08 November 2018
Food and drink companies are all too aware of the challenges faced in order to attract and retain new customers. The search for a competitive edge has lead companies to invest heavily in research and innovation in order to produce the requisite taste, mouthfeel, appearance and nutritional value to attract potential customers, whilst simultaneously reducing production costs. In addition to this, there is pressure to keep abreast of (or stimulate) the latest consumer trends, such as the rise in vegetarianism and veganism, interesting new alcohol-free drinks, healthier versions of comfort food, and the use of AI within the food industry, as well as meeting the requirements of new governmental policies.
Producing food and drink products meeting such requirements can provide companies with a competitive advantage within this industry. But how is this advantage maintained once derived? And how do those within the food industry prevent competitors reaping the rewards from their research and investment?
Typically, there are two methods used within the food and drink industry to protect intellectual property: trade secrets and patents. Trade secrets can be useful where it is difficult (if not impossible) to derive the ingredients or process used to produce the food or drink product, possibly the most well-known trade secret in the food and drink industry is the recipe for Coca Cola. However, trade secrets provide no protection if another company legitimately produces the same product or manufacturing process. In addition, trade secrets provide no protection if a third party is able to simply reverse engineer the product produced.
Accordingly, patents may provide a better form of protection where it is possible to derive the recipe from the food or drink product itself. This may be the case where a recipe or composition could be determined by simply analysing the end product.
A patent is an intellectual property right granted by a country’s government for protection of an invention within its territory for a limited period (typically 20 years).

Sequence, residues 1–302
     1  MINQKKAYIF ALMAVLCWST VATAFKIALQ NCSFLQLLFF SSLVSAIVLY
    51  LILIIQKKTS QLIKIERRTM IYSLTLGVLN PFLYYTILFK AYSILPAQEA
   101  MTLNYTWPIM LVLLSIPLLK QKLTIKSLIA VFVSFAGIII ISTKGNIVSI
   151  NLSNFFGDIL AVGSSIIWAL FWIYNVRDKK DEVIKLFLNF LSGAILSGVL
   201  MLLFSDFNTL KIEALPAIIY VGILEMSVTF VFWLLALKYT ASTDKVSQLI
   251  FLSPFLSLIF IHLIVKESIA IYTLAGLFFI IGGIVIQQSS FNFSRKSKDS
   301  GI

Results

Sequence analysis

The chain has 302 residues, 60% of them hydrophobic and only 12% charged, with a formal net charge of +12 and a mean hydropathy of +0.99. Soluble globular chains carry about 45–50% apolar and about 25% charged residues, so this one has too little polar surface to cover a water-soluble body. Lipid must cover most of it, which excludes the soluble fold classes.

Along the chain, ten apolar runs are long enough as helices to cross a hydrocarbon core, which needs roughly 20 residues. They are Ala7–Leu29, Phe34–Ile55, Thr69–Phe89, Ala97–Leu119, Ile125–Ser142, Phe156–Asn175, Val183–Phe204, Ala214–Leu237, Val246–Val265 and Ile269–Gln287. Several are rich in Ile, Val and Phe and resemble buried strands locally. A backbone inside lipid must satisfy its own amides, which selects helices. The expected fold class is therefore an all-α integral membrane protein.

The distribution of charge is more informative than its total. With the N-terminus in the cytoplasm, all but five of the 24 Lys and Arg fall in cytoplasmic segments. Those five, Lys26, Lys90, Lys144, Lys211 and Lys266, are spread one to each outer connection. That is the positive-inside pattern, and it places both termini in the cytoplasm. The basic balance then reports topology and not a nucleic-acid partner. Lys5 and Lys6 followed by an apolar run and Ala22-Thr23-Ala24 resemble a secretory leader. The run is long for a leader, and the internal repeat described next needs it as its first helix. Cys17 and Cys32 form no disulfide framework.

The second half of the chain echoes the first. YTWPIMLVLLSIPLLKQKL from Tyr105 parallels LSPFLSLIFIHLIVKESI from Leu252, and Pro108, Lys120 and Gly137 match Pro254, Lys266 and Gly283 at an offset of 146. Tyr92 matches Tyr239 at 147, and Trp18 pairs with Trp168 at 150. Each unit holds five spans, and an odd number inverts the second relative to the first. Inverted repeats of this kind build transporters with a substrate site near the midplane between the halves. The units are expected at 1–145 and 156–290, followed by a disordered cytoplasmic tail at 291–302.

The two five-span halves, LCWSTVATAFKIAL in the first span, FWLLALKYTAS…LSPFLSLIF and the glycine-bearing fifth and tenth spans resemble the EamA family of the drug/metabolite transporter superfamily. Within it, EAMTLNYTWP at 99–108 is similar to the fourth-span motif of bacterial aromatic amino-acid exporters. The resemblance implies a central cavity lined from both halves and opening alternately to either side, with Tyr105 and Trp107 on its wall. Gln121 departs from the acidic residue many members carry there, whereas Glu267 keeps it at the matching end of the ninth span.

A patent gives the owner the right to stop others making, using, importing or selling the invention in the territory for which the patent has been granted and allows the owner to seek compensation for damage caused by another company producing/selling/using the same product or using the same manufacturing process.
Even if your company is not looking to manufacture the product itself, patents can be useful in helping to generate investment or can form the basis of a licensing agreement.
In order to obtain patent protection it is necessary to illustrate that your invention is both new and provides a non-obvious solution to a technical problem. It is also necessary to illustrate that the invention has industrial applicability, though most products/processes within the food and drink industry will meet this requirement.
Examples of products which would meet the requirements of patent protection include, food or drink products having an improved taste, texture or appearance whilst reducing fat or sugar content; a combination of ingredients which produce a synergistic effect; a non-obvious substitution for a commonly used ingredient (which is particularly important given the new governmental policies); and methods of altering the flavour profile of food and drink products.
In addition, processing methods within the food and drink industry can be protected, whether these relate to more cost effective manufacturing methods; methods of providing improved mixing of ingredients; or new process steps which provide an unexpected result in the product. In line with this, and given the increased desire to produce environmentally friendly products, new environmentally friendly or biodegradable packaging could also be granted patent protection.
For more information, contact the author Laura Clews directly, or visit our specialist food & beverage sector page.
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